‘Fear Of The Dawn’ review: Jack White embraces the modern without rejecting tradition 

Make of this what you will, but you have to salute Jack White’s unrestrained commitment to mess around with no concern as to whether what comes out makes sense as a cohesive whole. The last time we heard from Jack White, he was in the middle of an artistic equivalent of mid-life crisis. The meticulously executed primitivism that shaped his signature style was set aside and everything seemed up for grabs: all spoken-word interludes, electronic sound collages, rapping, and funk jams. While there is no doubt that Fear Of The Dawn shares its audacious spirit with its predecessor, it also feels like somewhat of a compromise, an attempt to project a more single-minded focus in another sense without sacrificing its chaotic energy. So it is both somehow surprising yet almost expected that the record pretty much settles into White’s established form. 

As fas as the music goes, White has not completely discarded the layered sound of Boarding House Reach in favor of the austerity of old. If anything, Fear Of The Dawn is even richer at points with songs unfolding as a series of sections that collide unpredictably into each other. Digitally altered guitars, theremins, and keyboards intertwine while moments of bass or drum thumps hit heavy just to have a quick end. And that is exactly what the main issue is, the record rarely sits still, and White is all over the musical map. While exhilarating at moments, majority of the tracks do not stand with the best he has written and just feel like experimental jam sessions.

Hip-hop and electronica dominate this record while the blues and soul are a distant third and fourth, manifesting in a strange collection of songs that are ultimately difficult to characterize. It is intentionally daring and purposeful in its elusive strangeness. While some may miss the analogue production of the White Stripes discography, it is hard to say White’s new approach is stiflingly old-fashioned or outright blusterous.

Released October 2021, “Taking Me Back” served as the lead single off Fear Of The Dawn.

Coupled with his trademarked muscular, cymbal-heavy drums and high-wire tension, the classic Jack White formula remains intact on Fear Of The Dawn as the impresario charges out of the gate with three manic, caffeinated hockey-hair anthems: the crunchy opener “Taking Me Back,” which is driven by a hysterical rock riff and copious amount of digitalized fuzz that is thrilling enough to get every alienated fan back on board after the dystopian experiment of 2018’s Boarding House Reach; the galloping, standout title track, which combines struggling squeally solos with shrieks of a theremin; and the spastic techno-punk taunt “The White Raven,” which showcases his exceptional ability to make a guitar sound like anything but a guitar.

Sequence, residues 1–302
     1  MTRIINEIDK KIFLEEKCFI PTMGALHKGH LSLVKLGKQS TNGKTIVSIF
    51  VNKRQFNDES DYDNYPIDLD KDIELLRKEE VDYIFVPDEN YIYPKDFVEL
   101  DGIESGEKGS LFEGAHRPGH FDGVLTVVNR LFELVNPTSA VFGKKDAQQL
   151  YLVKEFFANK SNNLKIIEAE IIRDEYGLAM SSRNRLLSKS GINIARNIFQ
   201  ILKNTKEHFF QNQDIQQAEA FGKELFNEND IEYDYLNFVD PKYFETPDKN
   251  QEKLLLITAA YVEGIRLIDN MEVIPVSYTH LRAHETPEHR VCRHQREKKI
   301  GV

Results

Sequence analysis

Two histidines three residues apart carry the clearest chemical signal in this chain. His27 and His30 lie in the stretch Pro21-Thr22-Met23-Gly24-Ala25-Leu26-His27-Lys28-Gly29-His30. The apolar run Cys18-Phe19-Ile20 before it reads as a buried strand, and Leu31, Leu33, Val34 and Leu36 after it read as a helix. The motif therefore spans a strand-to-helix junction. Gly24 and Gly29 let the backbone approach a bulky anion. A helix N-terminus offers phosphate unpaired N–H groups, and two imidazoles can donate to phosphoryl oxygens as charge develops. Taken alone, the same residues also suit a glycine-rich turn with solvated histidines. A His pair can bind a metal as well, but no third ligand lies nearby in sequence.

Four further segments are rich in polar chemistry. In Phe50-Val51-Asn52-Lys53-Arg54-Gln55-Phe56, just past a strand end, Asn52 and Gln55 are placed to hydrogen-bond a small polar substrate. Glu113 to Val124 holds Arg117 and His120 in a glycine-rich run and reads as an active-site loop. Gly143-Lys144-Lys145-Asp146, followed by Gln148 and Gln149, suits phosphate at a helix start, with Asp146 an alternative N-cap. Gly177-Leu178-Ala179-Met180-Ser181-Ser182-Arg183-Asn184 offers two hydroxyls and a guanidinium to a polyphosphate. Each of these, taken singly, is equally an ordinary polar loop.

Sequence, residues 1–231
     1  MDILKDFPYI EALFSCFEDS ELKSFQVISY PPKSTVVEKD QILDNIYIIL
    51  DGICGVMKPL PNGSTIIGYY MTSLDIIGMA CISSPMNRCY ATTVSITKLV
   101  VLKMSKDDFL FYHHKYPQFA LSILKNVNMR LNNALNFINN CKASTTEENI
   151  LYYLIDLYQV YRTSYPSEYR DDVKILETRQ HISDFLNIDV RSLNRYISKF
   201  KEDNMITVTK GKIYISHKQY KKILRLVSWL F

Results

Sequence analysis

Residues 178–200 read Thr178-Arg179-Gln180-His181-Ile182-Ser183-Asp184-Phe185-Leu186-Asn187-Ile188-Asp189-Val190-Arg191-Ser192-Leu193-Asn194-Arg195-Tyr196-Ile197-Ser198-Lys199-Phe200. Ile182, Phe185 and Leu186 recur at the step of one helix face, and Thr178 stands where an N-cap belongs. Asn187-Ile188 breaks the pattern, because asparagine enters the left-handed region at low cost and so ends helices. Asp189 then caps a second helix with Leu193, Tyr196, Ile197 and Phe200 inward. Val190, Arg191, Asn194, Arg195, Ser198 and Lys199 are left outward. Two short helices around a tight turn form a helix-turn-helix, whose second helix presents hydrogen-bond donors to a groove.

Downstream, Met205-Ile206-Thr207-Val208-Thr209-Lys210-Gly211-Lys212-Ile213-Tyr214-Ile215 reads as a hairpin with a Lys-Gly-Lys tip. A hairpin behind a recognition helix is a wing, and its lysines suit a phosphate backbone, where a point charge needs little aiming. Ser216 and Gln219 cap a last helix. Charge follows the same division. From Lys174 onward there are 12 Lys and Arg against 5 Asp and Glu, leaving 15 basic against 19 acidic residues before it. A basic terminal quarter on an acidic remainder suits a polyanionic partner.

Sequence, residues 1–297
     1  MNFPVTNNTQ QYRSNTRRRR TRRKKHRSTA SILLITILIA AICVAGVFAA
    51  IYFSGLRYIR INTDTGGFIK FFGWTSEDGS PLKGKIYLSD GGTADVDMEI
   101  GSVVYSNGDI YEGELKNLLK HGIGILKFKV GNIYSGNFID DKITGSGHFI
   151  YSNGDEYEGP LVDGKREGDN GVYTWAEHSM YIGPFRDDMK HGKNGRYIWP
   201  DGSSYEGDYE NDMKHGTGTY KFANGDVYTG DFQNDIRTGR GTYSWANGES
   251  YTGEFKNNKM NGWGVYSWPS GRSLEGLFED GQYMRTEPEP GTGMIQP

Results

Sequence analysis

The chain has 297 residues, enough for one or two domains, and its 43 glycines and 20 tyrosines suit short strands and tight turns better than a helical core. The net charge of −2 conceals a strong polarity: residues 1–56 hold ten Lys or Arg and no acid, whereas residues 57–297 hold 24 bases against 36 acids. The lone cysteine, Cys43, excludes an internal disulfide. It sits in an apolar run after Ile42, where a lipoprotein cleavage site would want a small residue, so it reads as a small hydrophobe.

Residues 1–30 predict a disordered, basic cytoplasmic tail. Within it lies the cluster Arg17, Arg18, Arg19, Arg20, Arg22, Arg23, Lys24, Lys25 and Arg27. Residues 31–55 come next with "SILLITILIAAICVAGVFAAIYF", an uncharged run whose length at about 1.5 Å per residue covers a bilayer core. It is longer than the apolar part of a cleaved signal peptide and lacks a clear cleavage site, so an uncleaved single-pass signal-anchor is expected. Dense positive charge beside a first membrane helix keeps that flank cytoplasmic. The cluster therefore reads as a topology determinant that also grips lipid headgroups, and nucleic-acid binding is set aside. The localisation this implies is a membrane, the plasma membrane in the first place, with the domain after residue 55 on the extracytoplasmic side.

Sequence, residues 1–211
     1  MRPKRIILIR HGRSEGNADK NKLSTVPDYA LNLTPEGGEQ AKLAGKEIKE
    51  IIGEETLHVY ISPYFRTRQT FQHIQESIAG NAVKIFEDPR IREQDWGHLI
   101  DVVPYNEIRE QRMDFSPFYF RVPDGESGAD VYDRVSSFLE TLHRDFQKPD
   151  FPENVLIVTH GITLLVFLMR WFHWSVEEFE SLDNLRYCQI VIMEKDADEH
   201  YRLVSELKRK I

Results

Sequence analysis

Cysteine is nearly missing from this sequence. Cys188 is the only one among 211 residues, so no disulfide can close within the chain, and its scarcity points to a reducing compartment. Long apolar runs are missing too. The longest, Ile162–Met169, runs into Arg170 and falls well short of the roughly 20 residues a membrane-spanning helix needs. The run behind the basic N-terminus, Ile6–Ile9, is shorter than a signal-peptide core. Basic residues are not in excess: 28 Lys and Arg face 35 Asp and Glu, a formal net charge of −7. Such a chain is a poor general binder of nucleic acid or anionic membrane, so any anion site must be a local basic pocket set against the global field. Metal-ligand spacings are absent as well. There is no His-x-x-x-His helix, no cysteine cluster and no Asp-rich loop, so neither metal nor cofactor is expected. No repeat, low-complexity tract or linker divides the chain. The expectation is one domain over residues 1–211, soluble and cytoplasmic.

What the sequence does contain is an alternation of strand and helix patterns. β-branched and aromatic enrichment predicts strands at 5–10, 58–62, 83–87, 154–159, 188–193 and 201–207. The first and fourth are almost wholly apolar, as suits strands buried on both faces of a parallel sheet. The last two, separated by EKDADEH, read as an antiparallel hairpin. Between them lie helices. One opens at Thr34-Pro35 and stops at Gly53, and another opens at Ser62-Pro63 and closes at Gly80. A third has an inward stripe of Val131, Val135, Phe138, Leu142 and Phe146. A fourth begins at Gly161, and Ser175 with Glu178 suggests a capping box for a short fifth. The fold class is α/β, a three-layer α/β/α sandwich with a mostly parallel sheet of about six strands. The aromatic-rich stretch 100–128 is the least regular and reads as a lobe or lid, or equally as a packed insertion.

The record later takes a sharp turn with zigzagging “Hi De Ho,” signaling the more hip-hop-driven second quarter, in which tunes like “Into The Twilight” and “What’s The Trick” come off more like an attempt to be experimental for the sake of showing off how far boundaries can be pushed. When the record returns more or less to straightforward garage rock style that White can pull off better than most in the record’s back half, the weightless instrumentation functions as a breathing space from the forceful, all crash around hip-hop breaks and loud synths.

A pleasing slice of progressive funk, carnivalesque stomp of “Morning, Noon And Night” gets to speak for itself with simple guitar melodies and comparably uncomplicated drumming. At points like this, a case can be made that White has found the perfect compromise between rock tradition and modern production. Similarly, subdued and bluesy “Shedding My Velvet” gently casts a light upon the sonic possibilities in White’s music and can be scanned as a self critique: “I’m not as bad as I was / But not as good as I can be.”

On a larger scale, Fear Of The Dawn is not an easy listen. But this does not mean it is not pleasant. White has certainly tried to rasp his experimental tendencies to meet the desires of his audience halfway. And while that can make large chunks of the record a disoriented and purposeless mess, it does not come off as irritating in the execution despite some of the sharp differences between the songs, which actually flows really well with the day and night theme through the lyrics as well. But right now, from what we have heard, Fear Of The Dawn is another “embrace modernity” album to White’s catalogue.



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